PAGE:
Starring: Marion Cotillard, Mattias Schoenaerts

By Alan Bacchus

Cotillard is the whale trainer, Stephanie, who is introduced to Ali (Schoenaerts), a bouncer and dead-beat dad trying to raise his son while being a part-time MMA street fighter. After rescuing Stephanie from a night club scuffle a platonic bond forms, but it's deepened even further after an even more violent tragedy affects Stephanie.

The platonic friendship blossoms in the most intriguing way, resulting in one of the unique cinematic courtships in recent memory.

Audiard expertly weaves the edgy machismo tone he's done well in his previous films with the delicate feminine touch for Cotillard.

The artful treatment of the tragedy that afflicts Stephanie recalls the dreamy hopefulness of Julian Schnabel's The Diving Bell and the Butterfly. Audiard is comfortable messing with muscle bound MMA street fighters and being delicate with the beautiful and elegant whale sequences. Establishing Stephanie's role as a whale trainer at Marineland results in a terrific energetic sequence, which features the first of numerous inspired uses of pop star Katy Perry's song Firework.

Music is key to the changing faces of this film. The bass-pumping nightclub is booming and heart pumping, Alexandre Desplat's score is delightfully melancholy and the use of Bon Iver is downright haunting.

But the real joy of this film is the unpredictable trajectory of the story. The tragedies that strike both Stephanie and Ali are shocking but natural and avoid melodrama. Rust and Bone is a wonderfully enlightening film.

***½

Tuesday, 11 September 2012

TIFF 2012 - At Any Price

With his social-realist cred from acclaimed festival hits 'Man Push Cart', 'Chop Shop' and 'Goodbye Solo', Bahrani appears to venture out with something more accessible in 'At Any Price'. The casting of familiar Hollywood actors like Dennis Quaid and Zac Efron promises to open up his fanbase beyond critics. Unfortunately, this picture is a mixed bag of soap opera melodrama and morally thought-provoking situations with his familiar salt of the earth characters, a blend which never coalesces into something memorable or believable.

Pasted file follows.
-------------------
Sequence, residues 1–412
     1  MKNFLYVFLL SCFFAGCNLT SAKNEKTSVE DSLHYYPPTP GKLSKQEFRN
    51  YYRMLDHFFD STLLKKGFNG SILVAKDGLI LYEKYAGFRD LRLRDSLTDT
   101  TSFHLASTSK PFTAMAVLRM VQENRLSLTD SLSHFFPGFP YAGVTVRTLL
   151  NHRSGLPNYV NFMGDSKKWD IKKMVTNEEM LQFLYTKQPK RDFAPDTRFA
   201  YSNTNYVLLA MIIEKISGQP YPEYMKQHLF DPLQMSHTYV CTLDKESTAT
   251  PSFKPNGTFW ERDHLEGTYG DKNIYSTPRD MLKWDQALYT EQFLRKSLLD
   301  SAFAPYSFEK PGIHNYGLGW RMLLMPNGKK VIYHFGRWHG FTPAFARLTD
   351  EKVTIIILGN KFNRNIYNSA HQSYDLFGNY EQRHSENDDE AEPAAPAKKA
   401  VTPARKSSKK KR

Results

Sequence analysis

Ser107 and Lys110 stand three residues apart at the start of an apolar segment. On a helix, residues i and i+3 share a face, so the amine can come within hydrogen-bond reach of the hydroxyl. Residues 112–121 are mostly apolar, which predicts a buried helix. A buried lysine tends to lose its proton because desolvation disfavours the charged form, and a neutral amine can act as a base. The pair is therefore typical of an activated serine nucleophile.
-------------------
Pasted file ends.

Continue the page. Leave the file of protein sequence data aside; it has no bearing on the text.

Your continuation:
At Any Price (2012) dir. Ramin Bahrani
Starring: Dennis Quaid, Zac Efron, Kim Dickens, Heather Graham,

By Alan Bacchus

We’re in the Midwestern prairies and its small-town rural working class farmers. But it’s definitely not a quiet idyllic lifestyle. By the transactions of land owners, farmers, suppliers and dealers the business of corn is as competitive and cut-throat as big oil. Bahrani centres on the Whipple family, specifically Henry Whipple (Quaid) and Dean Whipple (Efron), father and son with two different views on life. Henry has inherited the family farm and treats his business as a typically aggressive capitalist enterprise. Dean, on the other hand, has gotten the short shrift in his family compared to his deified older brother, and he desires to become a champion race car driver.

Henry is pretty shady, typified by the opening scene in which he shamelessly tries to buy a man’s land from the son of a recently deceased land owner. And when he speaks to people, his pasted-on smile and false modesty wreaks of the most disreputable slime ball salesman.

For much of the film we’re waiting for the shoe to drop. Before then it’s a slow-burning character study of Dean and his contentious relationship with Henry. Henry’s shady dealings have treated him well, but his comeuppance is near and the Jenga tower of lies and deceit threatens to topple down due to a couple of key plot turns.

Though very little happens through two-thirds of the film, Bahrani admirably makes up for the slow burn by turning the screws extra tight on his characters in the third act. What’s revealed is a morally complex series of choices for Dean and Henry with immensely dramatic ramifications for them and the family.

Unfortunately, Bahrani falters in a number of places throughout. The imprecision with his tone is a distraction. For much of the time, we’re never quite sure whose film this is. When we realize its Dennis Quaid’s film, his miscasting or weak performance fails the film. At once Henry is an arrogant business man, but he's played with strange awe-shucks affability.

Zac Efron as the wild child living in the moment and on instinct recalls James Dean’s most famous roles in East of Eden and A Rebel Without a Cause. Efron's performance is the best, and his character is the most interesting. He has long since graduated from teen-mag stardom and is magnetic on screen. His blue eyes are beautifully expressive, and despite his handsomeness he can pull off the working class ruggedness of a young Tom Cruise.

Next to Zac is the fine character actor Kim Dickens as the pragmatic mom, Irene, who at every turn seems to be the only one who can see the forest from the trees. She easily sees past her husband’s attempts to hide his infidelity, yet her subdued response implies that she knows a divorce would make their precarious situation even worse. In the final act her acceptance of her husband’s even more diabolical scheme is outright breaking the law, but in accepting all of her husband's immoral behaviour she admirably takes ownership of the family and earns the title of the film.

The melodramatic soap opera plotting never really matches up with the slice-of-life realism of the first half of the film.

**

Sunday, 9 September 2012

TIFF 2012 - The Master